Sunday 2 September 2012

”Words of advice were issued to the informant...”

…but clearly, they didn’t work:
A police officer visited Thameside Junior and Infant school, in Manor Road, and informed bemused staff he was investigating a sighting of a big cat on the premises that morning.
The sighting had been reported at 8am by builder Graham Bowers, 61, from Grays, who said the cat, sitting on the school bins sunning itself, was about three foot long from nose to tail.
The school know the ‘big cat’ well.
Head teacher Christine Pumfrey, who was in the school at the time, said they were not concerned, after the panic about a lioness on the loose in Clacton on Sunday night turned out to caused by a large domestic cat.
She said: “A very nice police officer turned up at the school and explained they’d had reports of a lion on the premises.
“We weren’t worried because we knew the sighting in Clacton had turned out to be nothing.
“The officer was very calm and professional, and told us he had been involved in the Clacton search.
“He did a search of the school grounds and found a normal domestic cat, it was definitely not a lion.
“We know the cat in question, it’s always around the school and is no bigger than a normal cat.
Essex Police – for once, perhaps as a result of the embarrassing Clacton debacle – were a little waspish:
A spokesman for Essex Police said: “We were contacted at 8am on Tuesday following reports that a large cat had been spotted in Cherry Tree Close in Grays.
“Officers arrived and found a large domestic cat. “Words of advice were issued to the informant.”
Does that put an end to it? No. Of course not. This is Grays, remember?
The man who reported a lion sighting to police in Grays on Tuesday remains convinced what he saw was not a domestic cat.
Graham Bowers, 61, was with five other men in Cherry Tree Close, when he made the call to police. They all believe the cat they saw was a mountain lion or a cougar, and police, who Mr Bowers said arrived an hour after his call, did not catch a glimpse of it, and decided it must have been a large domestic cat after finding one in Thameside Junior School’s grounds.
Yeeees. Your photo (in that article) is about as convincing as the last one. Which is to say, not at all...
Mr Bowers said: “There were five grown men watching this cat, including my nephew and my brother.
We’re not stupid (Ed: I’ll admit, I lost it big time in the office, reading this bit…), we were flabbergasted at the size of this cat. “We believe it was a mountain lion or a cougar, it was too big to be a normal cat.
“It is dangerous, and could eat a small child.”
Probably. It’d take it a month, mind you…
“After the first officer had gone, an armed police unit came down, and one of the officers said he had been involved in the search for the lion in Clacton.
“They showed us a picture of a normal domestic cat and said how big they can get.
We’re not thick (Ed: Yup, that did it too…), it wasn’t what we saw.
“I thought the police were really inefficient, I was really angry.”
I think they’re inefficient too. They should have shot you, and raised Gray’s collective IQ by a couple of points…
Mr Bowers said the picture was taken on his camera phone, and believes if he can get better camera with a zoom and find the cat again, it will reveal the truth.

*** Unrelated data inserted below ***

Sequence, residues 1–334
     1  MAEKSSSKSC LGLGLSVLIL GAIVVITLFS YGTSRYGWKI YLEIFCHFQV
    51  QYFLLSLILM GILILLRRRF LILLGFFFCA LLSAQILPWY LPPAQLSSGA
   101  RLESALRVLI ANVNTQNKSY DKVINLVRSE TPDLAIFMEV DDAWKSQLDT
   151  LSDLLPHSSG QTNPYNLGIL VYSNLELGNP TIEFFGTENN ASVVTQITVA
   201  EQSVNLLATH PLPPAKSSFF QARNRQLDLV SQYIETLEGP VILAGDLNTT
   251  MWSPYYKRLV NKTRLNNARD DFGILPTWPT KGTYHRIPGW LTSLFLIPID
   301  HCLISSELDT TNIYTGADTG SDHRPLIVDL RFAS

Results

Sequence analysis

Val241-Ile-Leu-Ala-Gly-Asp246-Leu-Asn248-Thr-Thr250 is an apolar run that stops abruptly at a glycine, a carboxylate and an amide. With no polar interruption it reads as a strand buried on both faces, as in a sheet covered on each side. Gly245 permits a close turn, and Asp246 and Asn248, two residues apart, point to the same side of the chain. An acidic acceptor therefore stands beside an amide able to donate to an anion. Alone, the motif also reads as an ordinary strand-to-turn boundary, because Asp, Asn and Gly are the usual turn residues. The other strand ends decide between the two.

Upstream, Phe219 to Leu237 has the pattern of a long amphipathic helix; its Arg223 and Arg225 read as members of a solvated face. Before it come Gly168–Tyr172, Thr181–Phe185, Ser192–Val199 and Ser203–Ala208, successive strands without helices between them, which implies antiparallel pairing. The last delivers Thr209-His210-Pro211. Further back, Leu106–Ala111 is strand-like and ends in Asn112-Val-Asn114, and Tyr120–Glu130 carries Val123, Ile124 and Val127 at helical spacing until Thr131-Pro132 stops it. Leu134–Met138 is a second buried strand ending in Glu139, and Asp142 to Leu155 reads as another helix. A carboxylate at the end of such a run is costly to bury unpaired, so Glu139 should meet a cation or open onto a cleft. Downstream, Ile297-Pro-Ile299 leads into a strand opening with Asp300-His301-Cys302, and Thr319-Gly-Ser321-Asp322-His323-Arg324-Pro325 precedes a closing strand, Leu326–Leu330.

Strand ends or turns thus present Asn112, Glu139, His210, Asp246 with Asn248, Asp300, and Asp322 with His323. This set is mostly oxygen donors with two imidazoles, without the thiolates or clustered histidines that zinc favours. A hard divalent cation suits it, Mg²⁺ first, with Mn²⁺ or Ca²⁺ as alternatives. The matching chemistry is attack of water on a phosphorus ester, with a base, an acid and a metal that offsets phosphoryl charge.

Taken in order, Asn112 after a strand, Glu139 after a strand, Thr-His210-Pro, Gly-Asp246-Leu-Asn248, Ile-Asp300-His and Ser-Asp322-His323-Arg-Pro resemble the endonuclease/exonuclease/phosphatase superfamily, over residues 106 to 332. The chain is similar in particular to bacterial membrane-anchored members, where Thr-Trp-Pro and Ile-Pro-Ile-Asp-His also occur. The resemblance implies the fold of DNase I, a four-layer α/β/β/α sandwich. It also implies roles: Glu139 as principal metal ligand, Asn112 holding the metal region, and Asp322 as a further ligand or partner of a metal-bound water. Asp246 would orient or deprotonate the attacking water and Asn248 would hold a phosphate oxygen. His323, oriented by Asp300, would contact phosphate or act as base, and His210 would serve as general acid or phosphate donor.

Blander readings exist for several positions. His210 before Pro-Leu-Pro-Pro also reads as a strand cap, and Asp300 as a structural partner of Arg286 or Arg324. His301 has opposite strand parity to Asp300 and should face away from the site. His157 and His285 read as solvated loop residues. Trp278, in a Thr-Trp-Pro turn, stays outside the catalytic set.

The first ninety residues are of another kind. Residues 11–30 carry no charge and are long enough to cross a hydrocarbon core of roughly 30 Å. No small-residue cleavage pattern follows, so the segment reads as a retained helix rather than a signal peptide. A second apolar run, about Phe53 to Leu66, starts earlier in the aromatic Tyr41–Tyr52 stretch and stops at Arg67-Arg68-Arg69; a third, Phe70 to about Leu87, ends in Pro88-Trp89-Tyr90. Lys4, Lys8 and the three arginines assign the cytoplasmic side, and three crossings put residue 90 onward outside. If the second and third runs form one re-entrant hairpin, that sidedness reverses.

Maybe it’ll show Elvis in the background too?


Anonymous said...

I suggest he votes for a Police Commissioner who will take Lion sightings more seriously. Oh and one that will get the police efficient at dealing with Lion sightings.

It's not much to ask. How can we have trust in the Police and Schools when they can only find domestic cat's instead of Lions?

I have lost faith in the Police, and i bet if they did find a Lion, the Judge wouldn't send it to prison. Just get a slap on the paw and assigned a probation worker. This country !!!!!

Woman on a Raft said...

Holy schmoley, what are they feeding the moggies out there? Try riding a broomstick with one of those sitting next to you and you'd be sputtering along the ground and crashing in to the potting shed.

That's probably what the one in the picture is looking down at. Ungrateful beasts; all they worry about is whether you'll be able to get up and open another tin of Whiskas.

Trevor said...

I'm often in Grays. A lion (which would feel quite at home there nowadays) would be one of the less alarming things to be seen.

Anonymous said...

Once it was confirmed it was not a Lion, the Buffaloes and the Masons denied it was anything to do with them, and pointed in the direction of the Round Table!

JuliaM said...

"I suggest he votes for a Police Commissioner who will take Lion sightings more seriously."


"Holy schmoley, what are they feeding the moggies out there?"

Essex is like Texas. Everything's bigger.

"A lion (which would feel quite at home there nowadays)..."

Wouldn't it just! Might not feel safe without the rest of the pride, though.

"Once it was confirmed it was not a Lion, the Buffaloes and the Masons denied it was anything to do with them..."


Anonymous said...

A fantastic article and great posting and comments. Laughed out loud! The police really are a laughing stock these days. So unnecessary but they have been emasculated from within and by successive govts. Why are people so ready to believe there are large cats roaming free anywhere near towns let alone the countryside.

Anonymous said...

Probably as they have evolved from a Force to a Service. A fear of saying 'no' to people because they are judged on public satisfaction.

I'm sure i remember reading a case where a crocodile was found at large in this country, dumped by an owner. Because there are so many irresponsible people i suppose the police have to take a report seriously until they have investigated.